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State v. Burns

July 26, 2007

STATE OF NEW JERSEY, PLAINTIFF-APPELLANT,
v.
RONALD BURNS, DEFENDANT-RESPONDENT.



On certification to the Superior Court, Appellate Division.

SYLLABUS BY THE COURT

(This syllabus is not part of the opinion of the Court. It has been prepared by the Office of the Clerk for the convenience of the reader. It has been neither reviewed nor approved by the Supreme Court. Please note that, in the interests of brevity, portions of any opinion may not have been summarized).

In this appeal, the Court must determine whether defendant was deprived of a fair trial when the trial court permitted a witness to express before the jury that he refused to answer specific questions.

Ronald Burns, defendant, and Ronald Patterson, Jr. were rival drug dealers in Mt. Holly. Felder is Burns's first cousin and was eighteen years old at the time of the incident. Burns sold drugs from Bobby Bryant's house at 112 Joseph Place, while Patterson sold drugs in front of his cousin's house at 126 Joseph Place. Because Patterson was selling a better quality of cocaine product, Patterson caused Burns's business to decline. Burns was upset with Patterson and, in April 1999, he initially raised the thought of killing Patterson.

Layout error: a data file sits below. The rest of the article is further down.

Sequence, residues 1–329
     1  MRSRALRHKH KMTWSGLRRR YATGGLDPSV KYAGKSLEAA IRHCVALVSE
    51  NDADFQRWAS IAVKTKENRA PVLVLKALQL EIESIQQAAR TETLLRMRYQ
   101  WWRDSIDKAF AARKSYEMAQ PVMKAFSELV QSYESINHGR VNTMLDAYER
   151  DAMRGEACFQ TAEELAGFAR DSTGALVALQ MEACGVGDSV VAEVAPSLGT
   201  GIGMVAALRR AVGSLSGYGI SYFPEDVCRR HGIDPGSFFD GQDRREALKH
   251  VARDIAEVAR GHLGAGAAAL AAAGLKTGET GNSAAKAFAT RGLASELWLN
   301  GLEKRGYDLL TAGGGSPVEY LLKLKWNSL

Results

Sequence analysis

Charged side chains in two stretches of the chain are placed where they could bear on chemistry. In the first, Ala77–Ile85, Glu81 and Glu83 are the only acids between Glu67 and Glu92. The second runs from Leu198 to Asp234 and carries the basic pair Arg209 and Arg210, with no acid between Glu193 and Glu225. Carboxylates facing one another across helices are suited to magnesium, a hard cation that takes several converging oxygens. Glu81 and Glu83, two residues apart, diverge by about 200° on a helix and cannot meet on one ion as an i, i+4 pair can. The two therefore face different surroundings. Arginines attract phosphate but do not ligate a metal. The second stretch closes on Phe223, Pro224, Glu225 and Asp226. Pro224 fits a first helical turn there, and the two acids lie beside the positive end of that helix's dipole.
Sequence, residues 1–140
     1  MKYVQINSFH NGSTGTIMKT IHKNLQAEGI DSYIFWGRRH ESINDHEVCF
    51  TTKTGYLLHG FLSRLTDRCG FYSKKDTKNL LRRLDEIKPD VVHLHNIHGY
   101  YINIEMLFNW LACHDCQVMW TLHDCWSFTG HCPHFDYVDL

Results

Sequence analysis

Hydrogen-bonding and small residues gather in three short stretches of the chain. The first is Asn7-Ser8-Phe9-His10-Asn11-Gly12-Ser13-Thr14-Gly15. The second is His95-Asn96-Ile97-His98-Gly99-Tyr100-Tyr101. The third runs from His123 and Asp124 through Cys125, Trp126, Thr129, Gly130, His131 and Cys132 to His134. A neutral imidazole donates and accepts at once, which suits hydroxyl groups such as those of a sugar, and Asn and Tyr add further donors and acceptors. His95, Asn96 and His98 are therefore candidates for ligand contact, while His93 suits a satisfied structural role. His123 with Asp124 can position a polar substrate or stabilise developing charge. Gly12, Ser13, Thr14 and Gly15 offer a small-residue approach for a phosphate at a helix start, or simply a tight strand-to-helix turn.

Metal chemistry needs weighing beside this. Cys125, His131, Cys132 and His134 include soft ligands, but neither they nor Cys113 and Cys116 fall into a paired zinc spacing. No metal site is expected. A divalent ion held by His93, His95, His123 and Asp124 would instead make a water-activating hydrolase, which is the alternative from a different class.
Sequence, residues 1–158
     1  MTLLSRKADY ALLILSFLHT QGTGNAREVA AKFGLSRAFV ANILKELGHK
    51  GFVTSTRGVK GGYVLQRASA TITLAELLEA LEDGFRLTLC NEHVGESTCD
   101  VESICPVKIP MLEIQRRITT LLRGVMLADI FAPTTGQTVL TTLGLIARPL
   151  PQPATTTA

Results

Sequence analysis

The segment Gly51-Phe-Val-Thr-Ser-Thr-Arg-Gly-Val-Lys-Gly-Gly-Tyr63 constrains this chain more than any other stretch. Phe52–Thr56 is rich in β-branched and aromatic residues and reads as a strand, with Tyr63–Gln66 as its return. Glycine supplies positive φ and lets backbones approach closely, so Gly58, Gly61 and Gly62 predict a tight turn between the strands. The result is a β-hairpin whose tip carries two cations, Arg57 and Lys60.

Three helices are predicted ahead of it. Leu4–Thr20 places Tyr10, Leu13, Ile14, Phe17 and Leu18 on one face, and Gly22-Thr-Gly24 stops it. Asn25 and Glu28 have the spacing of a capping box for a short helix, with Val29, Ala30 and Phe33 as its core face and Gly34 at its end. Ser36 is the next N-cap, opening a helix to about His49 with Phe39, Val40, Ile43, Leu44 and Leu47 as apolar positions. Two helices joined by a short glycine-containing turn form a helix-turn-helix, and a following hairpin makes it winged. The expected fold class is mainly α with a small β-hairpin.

On Labor Day, September 6, 1999, Burns told Felder he wanted Patterson dead. Felder said he would kill Patterson that night. Burns had previously given a gun to Bryant and told Felder to use that gun to kill Patterson. Around 8 p.m., Burns's girlfriend drove Burns and Felder to Bryant's house where they met Bryant, Tifani Young, Lawrence Hightower, and others. Felder entered Bryant's house to get the gun, but returned saying Bryant did not have it. Burns then entered Bryant's house, retrieved the gun, and gave it to Felder. Felder then crossed the street, approached Patterson, and attempted to fire the gun, but it did not discharge. Felder returned to Bryant's house where Burns unjammed the gun and returned it to Felder, instructing him to kill Patterson. Felder again approached Patterson and discharged the weapon several times. Patterson's father was nearby and threw a stick at Felder, who fled the scene. Patterson was taken to the hospital where he died from multiple gunshot wounds to the chest and abdomen.

Felder was subsequently arrested in Pennsylvania. He confessed that he shot Patterson. Felder consented to allow the State to tape record a telephone call he agreed to make to Burns. Felder then telephoned Burns and blamed him for his predicament. During the conversation, Burns mentioned that Young had told the police the entire story, including that Burns had unjammed the gun.

In July 2000, a Burlington county Grand Jury indicted Burns with first-degree murder, second-degree possession of a weapon for an unlawful purpose, third-degree unlawful possession of a weapon (handgun), and third-degree hindering apprehension of another. Co-defendant Felder was also charged in counts one through three of the indictment. Prior to trial, Felder pled guilty to aggravated manslaughter and agreed to testify against Burns.